As you can kind of see from the last image there, the ending makes Zooey sad and Joseph doesn’t understand why. He thinks it’s a just a thrilling romantic ending, but Zooey understands the troubling incursion of real-world consequences. They’re written, to be fair, all over their faces. Zooey and Joey break-up soon after the screening.
So I think these endings can be a good indicator of how cynical you are, how romantic or perhaps just how crushingly naïve you are. Like Joseph, I used to think Eternal Sunshine had a thrillingingly romantic ending – they accept each other, warts and all, even though they know – they really do know – it’s doomed to fail. A few years ago, I watched it again (following a break-up). I figured it would cheer me up, but this time, it read differently. Immediately following that last scene we get this:
The same shot repeated three times, cut shorter and shorter, fading each time, suggesting the gradual erasure of their relationship. So even though you could say they ultimately realise their memories together are valuable even if the relationship ends, you could also say that they’re kidding themselves and each other, and that they’re doomed to repeat the same mistakes, trapped forever in a vicious circle. In fact, screenwriter Charlie Kaufman’s original script is bookended with scenes set in the future, with an elderly Clementine set to erase Joel for the sixteenth time in 50 years.
So, like Joseph and The Graduate, it was there all along, staring me in the face. Only not, since Gondry excised the bookends to preserve a little of that ambiguity, perhaps a little concession to that mythical Hollywood ending. But where does that leave us? The tally has swung the other way, but why does that matter? And why don’t we seem to like happy endings? As is often the case, we have to go off the beaten track for true insight. This clip is from The Last Unicorn (Arthur Rankin, Jr, Jules Bass), an animated fantasy film from 1982.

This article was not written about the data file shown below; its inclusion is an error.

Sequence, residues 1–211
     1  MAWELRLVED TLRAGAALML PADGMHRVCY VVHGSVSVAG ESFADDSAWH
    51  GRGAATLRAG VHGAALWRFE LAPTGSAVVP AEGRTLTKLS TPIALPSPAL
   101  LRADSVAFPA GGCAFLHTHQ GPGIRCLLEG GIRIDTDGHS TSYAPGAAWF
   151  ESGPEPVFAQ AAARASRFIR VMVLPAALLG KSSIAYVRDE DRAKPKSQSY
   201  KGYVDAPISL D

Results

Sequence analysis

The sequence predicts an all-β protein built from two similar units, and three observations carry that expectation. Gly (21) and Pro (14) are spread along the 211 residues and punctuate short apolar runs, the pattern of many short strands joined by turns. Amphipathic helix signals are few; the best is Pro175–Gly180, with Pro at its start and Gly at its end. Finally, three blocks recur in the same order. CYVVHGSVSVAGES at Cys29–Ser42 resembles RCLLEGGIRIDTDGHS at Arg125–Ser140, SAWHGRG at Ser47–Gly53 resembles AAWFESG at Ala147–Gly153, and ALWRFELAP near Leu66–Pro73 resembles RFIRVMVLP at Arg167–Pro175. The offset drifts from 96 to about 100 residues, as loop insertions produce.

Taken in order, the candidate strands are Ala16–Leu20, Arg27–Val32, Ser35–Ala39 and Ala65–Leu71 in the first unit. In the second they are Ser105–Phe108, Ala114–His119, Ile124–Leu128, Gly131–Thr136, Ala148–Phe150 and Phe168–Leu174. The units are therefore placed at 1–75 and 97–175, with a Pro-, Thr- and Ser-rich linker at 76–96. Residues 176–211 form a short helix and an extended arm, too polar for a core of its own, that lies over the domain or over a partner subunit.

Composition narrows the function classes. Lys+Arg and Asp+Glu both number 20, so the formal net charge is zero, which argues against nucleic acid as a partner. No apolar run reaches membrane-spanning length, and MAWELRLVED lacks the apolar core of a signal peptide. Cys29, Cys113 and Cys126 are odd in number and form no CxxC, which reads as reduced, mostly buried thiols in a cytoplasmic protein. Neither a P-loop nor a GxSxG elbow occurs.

Besides the mansplaining from Jeff Bridges’ Prince Lir there, Schmendrick’s right! It’s kind of like in The Matrix, when Neo meets the Architect, who describes an early, Utopian version of the Matrix where everybody got exactly what they wanted and humanity just kept rejecting it.
Another one of those ambiguous endings, which again often reads as purely happy, is for Billy Wilder’s The Apartment (1960). Jack Lemmon finally tells original manic pixie dream girl Shirley Maclaine that he loves her. And she responds by handing him a pack of cards, saying…
It’s a smart, funny, beautiful ending because it contains no false or empty platitudes. It might seem like it, but really there’s no happy ever after here. It’s like she’s saying, “Me and you, right here, on this couch is enough for as long as it lasts. You don’t need to tell me you love me, you just need to be there.” And, as Schmedrick suggested, that’s really the best anyone can hope for.